today is to pay attention to the cognitive load that you are

placing on your students as they are learning. All right. So the

cognitive load refers to the amount of working memory. That is

being used during a learning activity. So when it comes to

vocabulary acquisition. The cognitive load theory emphasizes the

importance of managing the demands placed on a learner's memory to

optimize learning. All right. So we really need to be mindful of

this. This is why choosing purposefully and intentionally the

vocabulary that you're going to teach during this lesson. Is

really, really vital because you know, your students, you know,

when you're going to be putting too much on them and that

cognitive load is going to. Be too much and it's going to shut

them down. So you need to be very aware of the students you're

working with and what vocabulary do they need? Maybe your group

you're working with, they can only handle four words at a time.

Then do that. That's okay. It's better that they understand that

they learn that they are able to apply. Four words and start there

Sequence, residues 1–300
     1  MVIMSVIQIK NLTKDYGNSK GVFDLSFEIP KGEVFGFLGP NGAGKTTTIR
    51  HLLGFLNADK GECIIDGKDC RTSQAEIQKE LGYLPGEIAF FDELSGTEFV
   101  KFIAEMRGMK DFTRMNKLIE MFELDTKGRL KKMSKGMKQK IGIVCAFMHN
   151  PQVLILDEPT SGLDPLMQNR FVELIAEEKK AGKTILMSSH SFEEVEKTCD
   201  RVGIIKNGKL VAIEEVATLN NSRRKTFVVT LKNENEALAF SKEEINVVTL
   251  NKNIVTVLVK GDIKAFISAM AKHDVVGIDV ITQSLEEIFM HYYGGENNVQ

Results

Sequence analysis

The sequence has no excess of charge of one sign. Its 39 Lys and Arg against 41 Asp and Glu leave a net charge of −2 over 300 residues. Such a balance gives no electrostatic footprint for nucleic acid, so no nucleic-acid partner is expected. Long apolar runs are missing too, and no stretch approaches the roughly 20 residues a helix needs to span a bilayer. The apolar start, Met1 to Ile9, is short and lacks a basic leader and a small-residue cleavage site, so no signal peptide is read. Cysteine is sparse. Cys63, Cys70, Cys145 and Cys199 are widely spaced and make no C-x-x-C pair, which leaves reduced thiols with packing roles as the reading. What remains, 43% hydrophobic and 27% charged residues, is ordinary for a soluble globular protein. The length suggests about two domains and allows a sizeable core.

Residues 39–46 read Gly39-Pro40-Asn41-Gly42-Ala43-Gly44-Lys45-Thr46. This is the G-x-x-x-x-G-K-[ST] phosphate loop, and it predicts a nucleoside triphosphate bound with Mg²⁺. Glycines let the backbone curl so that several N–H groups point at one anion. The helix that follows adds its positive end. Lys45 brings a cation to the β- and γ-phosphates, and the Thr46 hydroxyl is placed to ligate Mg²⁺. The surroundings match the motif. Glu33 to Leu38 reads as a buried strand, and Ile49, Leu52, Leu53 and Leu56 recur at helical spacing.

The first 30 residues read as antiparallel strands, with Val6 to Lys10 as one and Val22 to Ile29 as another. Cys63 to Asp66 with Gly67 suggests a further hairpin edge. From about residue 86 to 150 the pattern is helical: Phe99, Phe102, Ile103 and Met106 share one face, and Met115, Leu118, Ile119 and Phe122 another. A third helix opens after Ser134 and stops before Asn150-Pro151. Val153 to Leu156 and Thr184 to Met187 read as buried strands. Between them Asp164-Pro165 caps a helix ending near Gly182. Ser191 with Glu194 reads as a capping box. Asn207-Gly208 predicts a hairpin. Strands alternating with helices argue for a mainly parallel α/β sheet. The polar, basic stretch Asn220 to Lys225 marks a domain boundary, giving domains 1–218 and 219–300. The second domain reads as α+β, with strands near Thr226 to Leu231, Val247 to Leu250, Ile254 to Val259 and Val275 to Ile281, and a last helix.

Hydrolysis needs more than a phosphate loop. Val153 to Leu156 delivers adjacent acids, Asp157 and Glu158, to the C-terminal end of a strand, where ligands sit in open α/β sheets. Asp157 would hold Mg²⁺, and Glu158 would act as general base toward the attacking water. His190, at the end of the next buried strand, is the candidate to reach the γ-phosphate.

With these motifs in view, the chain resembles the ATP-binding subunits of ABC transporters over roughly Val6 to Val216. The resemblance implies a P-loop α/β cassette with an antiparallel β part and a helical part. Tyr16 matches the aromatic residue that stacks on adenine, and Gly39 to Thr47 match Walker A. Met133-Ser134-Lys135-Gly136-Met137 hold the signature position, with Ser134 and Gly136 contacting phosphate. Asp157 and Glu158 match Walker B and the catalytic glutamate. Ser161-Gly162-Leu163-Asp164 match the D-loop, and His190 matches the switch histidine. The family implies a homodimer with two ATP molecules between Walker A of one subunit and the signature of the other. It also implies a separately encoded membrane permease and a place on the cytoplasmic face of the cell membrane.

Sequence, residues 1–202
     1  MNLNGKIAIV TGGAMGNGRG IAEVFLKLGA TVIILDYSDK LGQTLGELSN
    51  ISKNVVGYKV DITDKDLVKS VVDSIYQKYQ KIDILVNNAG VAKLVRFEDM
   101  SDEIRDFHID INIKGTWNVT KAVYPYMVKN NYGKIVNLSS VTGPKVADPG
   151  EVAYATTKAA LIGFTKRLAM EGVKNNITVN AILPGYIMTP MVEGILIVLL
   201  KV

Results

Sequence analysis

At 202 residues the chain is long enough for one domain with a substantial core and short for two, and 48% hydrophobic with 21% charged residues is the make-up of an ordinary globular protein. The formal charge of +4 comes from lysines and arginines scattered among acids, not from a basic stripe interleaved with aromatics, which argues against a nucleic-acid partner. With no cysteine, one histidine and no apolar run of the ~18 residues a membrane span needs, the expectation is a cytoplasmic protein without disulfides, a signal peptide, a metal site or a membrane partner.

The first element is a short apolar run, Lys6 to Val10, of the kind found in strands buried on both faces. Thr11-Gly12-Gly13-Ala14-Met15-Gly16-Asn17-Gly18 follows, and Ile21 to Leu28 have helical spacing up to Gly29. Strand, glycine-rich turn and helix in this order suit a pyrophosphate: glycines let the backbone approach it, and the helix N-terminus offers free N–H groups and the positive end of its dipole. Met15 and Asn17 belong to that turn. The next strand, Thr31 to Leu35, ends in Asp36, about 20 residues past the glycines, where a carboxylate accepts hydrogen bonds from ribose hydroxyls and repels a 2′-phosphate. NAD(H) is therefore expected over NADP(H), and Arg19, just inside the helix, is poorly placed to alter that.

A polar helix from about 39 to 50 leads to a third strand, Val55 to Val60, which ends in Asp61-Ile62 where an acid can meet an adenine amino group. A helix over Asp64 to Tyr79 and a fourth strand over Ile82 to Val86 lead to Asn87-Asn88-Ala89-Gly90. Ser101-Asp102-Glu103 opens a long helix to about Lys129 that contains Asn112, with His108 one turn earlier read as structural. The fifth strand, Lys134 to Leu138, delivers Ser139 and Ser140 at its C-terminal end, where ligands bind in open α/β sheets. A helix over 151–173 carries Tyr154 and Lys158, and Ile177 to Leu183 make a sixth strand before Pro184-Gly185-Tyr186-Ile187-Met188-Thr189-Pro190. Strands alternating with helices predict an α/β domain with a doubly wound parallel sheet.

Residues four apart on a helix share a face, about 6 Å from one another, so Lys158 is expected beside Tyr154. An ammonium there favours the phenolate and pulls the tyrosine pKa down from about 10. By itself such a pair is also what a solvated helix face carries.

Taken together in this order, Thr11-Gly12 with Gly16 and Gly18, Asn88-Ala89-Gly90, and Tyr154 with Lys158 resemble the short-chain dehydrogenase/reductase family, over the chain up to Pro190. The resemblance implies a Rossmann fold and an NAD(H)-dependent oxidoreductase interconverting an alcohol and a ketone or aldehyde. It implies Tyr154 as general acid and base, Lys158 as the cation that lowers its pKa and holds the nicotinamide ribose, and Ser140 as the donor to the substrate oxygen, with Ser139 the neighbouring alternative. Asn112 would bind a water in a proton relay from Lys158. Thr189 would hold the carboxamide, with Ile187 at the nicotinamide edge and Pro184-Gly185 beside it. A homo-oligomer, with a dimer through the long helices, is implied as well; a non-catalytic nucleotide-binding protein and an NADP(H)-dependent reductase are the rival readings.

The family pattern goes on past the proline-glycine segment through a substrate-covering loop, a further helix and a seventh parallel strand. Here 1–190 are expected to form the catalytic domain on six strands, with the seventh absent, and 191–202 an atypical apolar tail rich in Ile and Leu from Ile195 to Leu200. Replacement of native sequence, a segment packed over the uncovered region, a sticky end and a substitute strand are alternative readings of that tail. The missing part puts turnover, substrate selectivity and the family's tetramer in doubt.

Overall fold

than have eight. And they really don't grasp any of them. Now

here's a few points to consider about cognitive load and

vocabulary learning. First. Their working memory has limits. All

right. There is a limited capacity. It can only hold a certain

amount of information. At any one time. So just keep in mind that

when new vocabulary is introduced, each new word or concept

competes for space in that student's working memory. All right. So

just keep that in mind. As you introduce no vocabulary as you're

working with new vocabulary. This is where it can be a big

struggle for our newcomers because. They're spending so much of

their limited capacity, just trying to make sense of what's going

on to take in new words. It's a lot on them. So we want to be

sensitive that and just keep this in mind. The second thing is

something called the intrinsic cognitive load, and this is the

inherent difficulty associated with. A specific educational topic.

So when we're talking about Kevin, this means that words that have